Loan growth at big banks cooled in the third quarter as lenders continued to tighten standards and softening demand signaled that a sharper downturn is ahead.
Gross loans increased by a median 0.7% sequentially during the period across the 15 largest publicly traded U.S. banks, down from an exceptional median increase of 4.4% in the second quarter, according to S&P Global Market Intelligence data. The gains in the third quarter did help support surging net interest income, and the growth appears to have some momentum left.
But another quarter of tougher standards and wider interest rate spreads in the Federal Reserve's most recent loan officer survey came as bankers also reported slackening borrower appetite for commercial and industrial, or C&I, loans for the first time in about a year and a half. The responses "were the softest they have been since early-pandemic and [Great Financial Crisis] periods," analysts at Jefferies said in a Nov. 8 note. Historical patterns "suggest slowing/declining loan growth and higher loss rates on the horizon."
C&I demand tumbles
Median sequential C&I growth across the group slipped to 1.6% in the third quarter from 6.7% in the second quarter as banks such as Wells Fargo & Co. and Fifth Third Bancorp said line utilization, which had generally been recovering after hitting pandemic lows, had leveled off.
The Fed's quarterly survey, published in November using responses due in October, was the second in a row showing net percentages of banks tightening C&I standards, with respondents citing factors that included a worsening economic outlook and less aggressive competition. A net 21.9% reported weaker C&I demand from small firms, compared to a net 17.5% reporting increased demand in the prior quarter. The demand reading for large and medium-size firms also swung into negative territory, with banks noting that customer inventory financing needs and investment plans have softened.
Historically, net tightening has been closely correlated with year-over-year loan growth with a lag of about six quarters, according to the Jefferies analysts, and the reading on demand is correlated with growth with a lag of about four quarters.
Median sequential commercial real estate loan growth across the group was 0.6% in the third quarter, according to Market Intelligence data. More than 50% of net respondents in the most recent Fed survey reported further tightening standards for construction and land development and nonresidential commercial real estate loans, and more than 40% reported further deterioration in demand in each of the two sectors.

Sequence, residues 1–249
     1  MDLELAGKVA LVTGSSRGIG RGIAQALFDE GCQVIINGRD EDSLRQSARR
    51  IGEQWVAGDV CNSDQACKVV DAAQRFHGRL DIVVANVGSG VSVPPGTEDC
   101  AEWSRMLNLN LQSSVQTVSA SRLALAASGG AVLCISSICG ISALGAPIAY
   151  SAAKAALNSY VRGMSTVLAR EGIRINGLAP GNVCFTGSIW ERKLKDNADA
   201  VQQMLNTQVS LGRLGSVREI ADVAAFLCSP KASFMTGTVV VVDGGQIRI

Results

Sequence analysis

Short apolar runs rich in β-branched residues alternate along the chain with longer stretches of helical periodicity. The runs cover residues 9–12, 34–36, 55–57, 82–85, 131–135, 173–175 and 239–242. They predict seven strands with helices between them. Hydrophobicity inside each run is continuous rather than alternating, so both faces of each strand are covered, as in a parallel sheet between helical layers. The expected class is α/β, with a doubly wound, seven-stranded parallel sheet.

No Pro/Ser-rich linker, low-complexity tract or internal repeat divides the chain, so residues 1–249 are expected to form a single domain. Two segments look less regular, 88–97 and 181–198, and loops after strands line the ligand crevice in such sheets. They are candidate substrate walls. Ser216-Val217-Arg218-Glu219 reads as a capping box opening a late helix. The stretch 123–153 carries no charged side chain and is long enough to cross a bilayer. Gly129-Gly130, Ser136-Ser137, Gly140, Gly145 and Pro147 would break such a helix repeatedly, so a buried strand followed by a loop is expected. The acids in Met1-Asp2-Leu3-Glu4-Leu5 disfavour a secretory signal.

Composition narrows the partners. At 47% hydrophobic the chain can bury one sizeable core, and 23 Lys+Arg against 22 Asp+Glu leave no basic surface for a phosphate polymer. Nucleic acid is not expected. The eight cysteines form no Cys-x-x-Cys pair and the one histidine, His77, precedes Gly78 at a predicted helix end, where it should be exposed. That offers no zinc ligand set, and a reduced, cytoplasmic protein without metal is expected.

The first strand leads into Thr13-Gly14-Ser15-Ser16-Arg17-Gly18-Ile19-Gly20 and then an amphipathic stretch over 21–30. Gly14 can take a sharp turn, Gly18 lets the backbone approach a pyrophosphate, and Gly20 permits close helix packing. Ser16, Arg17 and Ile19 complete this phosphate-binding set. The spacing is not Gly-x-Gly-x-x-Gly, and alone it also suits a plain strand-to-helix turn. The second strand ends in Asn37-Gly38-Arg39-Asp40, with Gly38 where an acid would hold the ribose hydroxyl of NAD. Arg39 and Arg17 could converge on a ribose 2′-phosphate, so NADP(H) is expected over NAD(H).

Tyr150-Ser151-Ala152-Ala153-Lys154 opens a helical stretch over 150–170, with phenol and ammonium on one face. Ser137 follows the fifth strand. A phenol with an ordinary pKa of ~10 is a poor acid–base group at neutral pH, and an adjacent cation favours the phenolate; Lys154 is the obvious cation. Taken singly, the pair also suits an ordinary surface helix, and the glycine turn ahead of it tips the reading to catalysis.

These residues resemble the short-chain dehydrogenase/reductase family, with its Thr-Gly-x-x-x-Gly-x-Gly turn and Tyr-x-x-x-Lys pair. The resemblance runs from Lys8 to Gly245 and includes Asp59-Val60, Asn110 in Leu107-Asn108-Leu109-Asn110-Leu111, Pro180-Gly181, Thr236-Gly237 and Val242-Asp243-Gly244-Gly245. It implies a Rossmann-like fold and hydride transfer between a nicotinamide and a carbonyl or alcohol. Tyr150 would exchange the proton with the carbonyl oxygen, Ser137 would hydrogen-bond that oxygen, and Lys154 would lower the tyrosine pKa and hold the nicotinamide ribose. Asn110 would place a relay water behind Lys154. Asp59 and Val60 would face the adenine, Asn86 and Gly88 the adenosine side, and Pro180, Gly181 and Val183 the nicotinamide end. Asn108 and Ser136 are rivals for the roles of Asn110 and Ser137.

Borrower appetite for credit card loans continued to increase according to the most recent Fed survey, a lone bright spot in consumer credit demand as a surge in interest rates has hammered mortgage activity.
A net 18.8% of banks said they tightened credit card standards, up from 0% in the prior quarter. But the tightening appears to be concentrated in lower credit score customer segments, with a net 6.1% saying they are more likely to approve credit card loan applications from high credit score borrowers now than at the beginning of the year. A separate survey by the Federal Reserve Bank of New York published Nov. 21 showed credit card applications increasing from the year prior while the rejection rate declined.
Discover Financial Services executives during the company's third-quarter earnings call said they had marginally tightened underwriting, though for new accounts "it remains a very good environment."
The most recent data on credit card loan performance showed delinquencies drifting higher but staying near historically low levels.
Across the 15 big banks, closed-end, single-family mortgages increased a median 1.7% sequentially during the third quarter, reflecting portfolio decisions in addition to new loan activity, and consumer loans increased a median 1.6%.
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Q4 so far
Despite data signaling a slowdown, lending activity appears to have remained relatively strong in the year's final stretch, according to the Fed's most recent weekly data.
Seasonally adjusted total loans across the industry increased 1.4% from Sept. 28 to $11.851 trillion on Nov. 16, including 1.9% growth in C&I to $2.811 trillion. Credit card loans were up 1.2% to $928.14 billion, taking the year-over-year increase to 17.3%.
The "sharp dip" in demand contrasted with third-quarter loan growth, Raymond James analysts observed in a Nov. 7 note. But the Fed survey's results "were in line with management commentary on [third-quarter] earnings calls which reflected a growing cautiousness in loan growth's ability to persist at recent levels."